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Rick Bonilla Appointed to San Mateo City Council

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San Mateo’s new City Council member, Rick Bonilla, was sworn in January 26 by City Clerk Patrice Olds. Photo by Bob Stine.

March 2015

The San Mateo City Council voted unanimously to appoint retired carpenter and Carpenters Union business representative Rick Bonilla to the City Council January 26. Bonilla had served on the city’s Planning Commission since 2012, after six years on the Public Works Commission. Bonilla fills a vacancy on the council created when council member Robert Ross retired in early January citing health conditions.

Bonilla was one of six candidates for the position. Mayor Maureen Freschet said, “I think we had very wonderful, qualified candidates who brought unique experiences. But I think what the council was looking for was someone we felt could step in seamlessly and take on the big job, because we have a lot of issues facing San Mateo. I think Rick just had that extra bit of experience and knowledge that he could hit the ground running.”

In a presentation to the Council before his appointment, Bonilla said, “The learning curve with me would be very short. I have a deep understanding of the important issues this city and our region face today, like transportation, housing and sustainability.” Bonilla said his priorities as a councilmember would include promoting transit-oriented development and affordable housing, maintaining a balanced budget, and improving the downtown area. Bonilla said he wants to “foster a robust economy that represents all workers, protects all neighborhoods and provides a magnificent place for residents of all incomes.”

Bonilla started taking a strong interest in San Mateo civic activities in the mid 1990s. He studied the local issues, read many administrative reports and attended numerous City Council and Planning Commission meetings. The City Council appointed Bonilla to the Bay Meadows Phase II Citizens Advisory Committee that studied the former race track site as well as the rail transportation corridor for three years. In 2004, the Committee made recommendations to the Planning Commission and City Council for approval of the final development program. “I urged and fought for an all union agreement for the construction,” Bonilla said. “The entire community is now benefiting as a result of that work.”

During his term on the Public Works Commission, the Public Works Department became more proactive—developing the Pedestrian and Bicycle Master Plans, which led to the current Sustainable Streets Plan. Bonilla said the Plan is “an extremely forward thinking program to bring the City of San Mateo into the 21st century with a healthy, safe and enjoyable built and natural environment.”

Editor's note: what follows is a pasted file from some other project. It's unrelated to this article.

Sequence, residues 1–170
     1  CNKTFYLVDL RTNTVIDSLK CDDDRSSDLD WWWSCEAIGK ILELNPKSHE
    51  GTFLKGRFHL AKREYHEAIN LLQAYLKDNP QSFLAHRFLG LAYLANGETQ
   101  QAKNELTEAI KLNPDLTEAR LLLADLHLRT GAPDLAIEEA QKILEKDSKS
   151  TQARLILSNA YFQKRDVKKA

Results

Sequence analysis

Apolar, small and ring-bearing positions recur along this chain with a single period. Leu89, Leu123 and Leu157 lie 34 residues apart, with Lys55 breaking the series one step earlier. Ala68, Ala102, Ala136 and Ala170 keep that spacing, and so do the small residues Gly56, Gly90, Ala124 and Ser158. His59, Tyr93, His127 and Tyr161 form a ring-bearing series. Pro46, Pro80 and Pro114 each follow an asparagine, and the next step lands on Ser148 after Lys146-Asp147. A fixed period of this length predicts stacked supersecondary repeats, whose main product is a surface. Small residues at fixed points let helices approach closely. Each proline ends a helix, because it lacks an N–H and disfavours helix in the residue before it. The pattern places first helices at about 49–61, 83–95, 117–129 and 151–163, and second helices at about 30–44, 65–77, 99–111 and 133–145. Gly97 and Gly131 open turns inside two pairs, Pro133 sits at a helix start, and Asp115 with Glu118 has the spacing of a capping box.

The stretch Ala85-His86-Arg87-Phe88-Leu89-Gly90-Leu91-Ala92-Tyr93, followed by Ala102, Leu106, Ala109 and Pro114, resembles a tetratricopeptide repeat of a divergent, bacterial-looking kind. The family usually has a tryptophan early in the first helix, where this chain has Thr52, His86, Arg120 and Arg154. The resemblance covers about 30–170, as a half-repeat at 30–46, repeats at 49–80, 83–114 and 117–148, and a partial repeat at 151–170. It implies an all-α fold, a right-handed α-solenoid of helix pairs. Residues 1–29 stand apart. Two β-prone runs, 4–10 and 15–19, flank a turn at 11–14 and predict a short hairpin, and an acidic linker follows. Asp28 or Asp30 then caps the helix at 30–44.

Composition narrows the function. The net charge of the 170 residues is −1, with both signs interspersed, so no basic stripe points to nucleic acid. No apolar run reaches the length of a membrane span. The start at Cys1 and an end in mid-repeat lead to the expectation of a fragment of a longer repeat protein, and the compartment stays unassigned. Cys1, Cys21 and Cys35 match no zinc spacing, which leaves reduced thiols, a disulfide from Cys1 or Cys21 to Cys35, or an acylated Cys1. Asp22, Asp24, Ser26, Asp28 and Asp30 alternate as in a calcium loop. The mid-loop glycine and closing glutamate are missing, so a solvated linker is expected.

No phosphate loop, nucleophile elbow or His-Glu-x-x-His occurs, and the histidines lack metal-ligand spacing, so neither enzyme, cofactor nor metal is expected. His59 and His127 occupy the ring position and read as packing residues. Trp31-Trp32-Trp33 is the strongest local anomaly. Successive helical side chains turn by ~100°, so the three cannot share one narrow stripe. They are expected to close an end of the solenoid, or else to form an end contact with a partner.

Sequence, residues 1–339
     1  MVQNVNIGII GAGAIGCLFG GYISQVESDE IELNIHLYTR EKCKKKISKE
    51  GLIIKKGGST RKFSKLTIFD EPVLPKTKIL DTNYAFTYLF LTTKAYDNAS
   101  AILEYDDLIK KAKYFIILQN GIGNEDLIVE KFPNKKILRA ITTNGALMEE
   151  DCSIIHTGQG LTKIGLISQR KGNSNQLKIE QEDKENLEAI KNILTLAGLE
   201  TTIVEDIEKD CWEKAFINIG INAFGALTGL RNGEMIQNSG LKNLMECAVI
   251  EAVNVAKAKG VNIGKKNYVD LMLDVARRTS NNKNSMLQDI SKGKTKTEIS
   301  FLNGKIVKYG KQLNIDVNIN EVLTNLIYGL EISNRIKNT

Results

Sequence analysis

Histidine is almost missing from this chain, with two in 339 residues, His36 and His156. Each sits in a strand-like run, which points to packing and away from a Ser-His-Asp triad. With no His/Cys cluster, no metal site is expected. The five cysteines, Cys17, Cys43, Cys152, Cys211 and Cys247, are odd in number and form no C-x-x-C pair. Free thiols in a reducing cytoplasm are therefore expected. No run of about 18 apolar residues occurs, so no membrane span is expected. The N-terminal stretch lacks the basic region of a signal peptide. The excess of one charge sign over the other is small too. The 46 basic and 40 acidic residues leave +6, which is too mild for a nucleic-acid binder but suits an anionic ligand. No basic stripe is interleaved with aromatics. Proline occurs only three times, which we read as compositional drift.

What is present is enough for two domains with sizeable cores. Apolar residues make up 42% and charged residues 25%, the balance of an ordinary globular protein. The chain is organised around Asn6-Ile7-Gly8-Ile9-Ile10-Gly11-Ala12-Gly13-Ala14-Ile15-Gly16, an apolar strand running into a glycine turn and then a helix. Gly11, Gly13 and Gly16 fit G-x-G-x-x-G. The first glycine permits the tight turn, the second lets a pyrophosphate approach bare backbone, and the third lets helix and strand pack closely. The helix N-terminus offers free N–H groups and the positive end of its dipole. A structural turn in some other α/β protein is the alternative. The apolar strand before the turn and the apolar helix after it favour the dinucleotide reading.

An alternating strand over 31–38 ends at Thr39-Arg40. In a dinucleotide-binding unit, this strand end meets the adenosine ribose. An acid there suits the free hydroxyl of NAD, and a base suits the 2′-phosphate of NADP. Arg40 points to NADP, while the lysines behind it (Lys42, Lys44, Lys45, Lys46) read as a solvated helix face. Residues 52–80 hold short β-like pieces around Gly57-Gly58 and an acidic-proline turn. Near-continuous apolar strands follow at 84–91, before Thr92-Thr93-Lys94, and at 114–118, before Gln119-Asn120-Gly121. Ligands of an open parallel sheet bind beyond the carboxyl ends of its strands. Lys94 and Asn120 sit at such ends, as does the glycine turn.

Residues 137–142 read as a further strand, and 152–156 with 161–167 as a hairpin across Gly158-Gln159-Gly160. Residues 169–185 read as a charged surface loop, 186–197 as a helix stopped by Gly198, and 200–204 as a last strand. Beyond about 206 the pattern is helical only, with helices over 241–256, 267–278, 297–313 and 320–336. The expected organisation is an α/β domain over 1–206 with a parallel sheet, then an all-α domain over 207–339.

As a Planning Commissioner, Rick worked on continuing the development of the Bay Meadows project, moving towards construction of the Hines project, and approval of the Station Park Green Development. The Commission also made recommendations for Council action on a Climate Action Plan, Sustainable Streets Plan, Housing Element, Bridgepointe Ice Rink, Hillsdale/101 Bike and Pedestrian Bridge, and the 7-11 Project.

Bonilla said public sector workers should be respected and that the work done by the public works department affects everyone. “I learned that when government is done well by the people, we can have a great quality of life,” he said. Bonilla said the City Council is looking for ways to help improve the downtown area and expand opportunities for businesses while preserving the city’s neighborhoods.

The San Mateo County Central Labor Council voted in January to endorse Bonilla’s appointment and wrote to the San Mateo City Council. Executive Secretary-Treasurer Shelley Kessler said that over the course of the 20 years she has known him, “I have relied on Rick to provide leadership in everything from advice on construction to charity work, from political outreach to member education and community engagement.”

Kessler noted that Bonilla had advanced his leadership skill set by participating in the San Mateo City and County Citizen’s Service Academy and the San Mateo County leadership program. “While these programs served to enhance his leadership in his work duties, he found ways to translate those skills into our community structures as well,” she said. “Above that, Rick Bonilla is an exceptionally positive human being. He is someone who takes on obligations with optimism and cheerfulness. To have a person representing San Mateo who is not only competent but pleasant would be a treasure. I have found him to be a calm, capable, responsible decision maker.”

Rick Bonilla, 61, was born in San Francisco and grew up in San Bruno attending local public schools. He joined Carpenters Local 1408 in Redwood City in 1978 and became a member of Carpenters Local 217 when the county Locals were merged. He began working as a union rep in 1998, transferring to Local 22 in 2008 and retiring in 2011. He and his wife Suzanne bought their current home in Hayward Park near Central Park and downtown in 1991. “It has been a truly wonderful place to live while enjoying the great lifestyle of San Mateo,” he said.
Bonilla will need to run in the November election for the remaining two years of Ross’s term, which expires in 2017.

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San Mateo City Council member David Lim congratulates Rick Bonilla on his appointment to the City Council January 26. Photo by Bob Stine.

- Paul Burton

 

 

 

 
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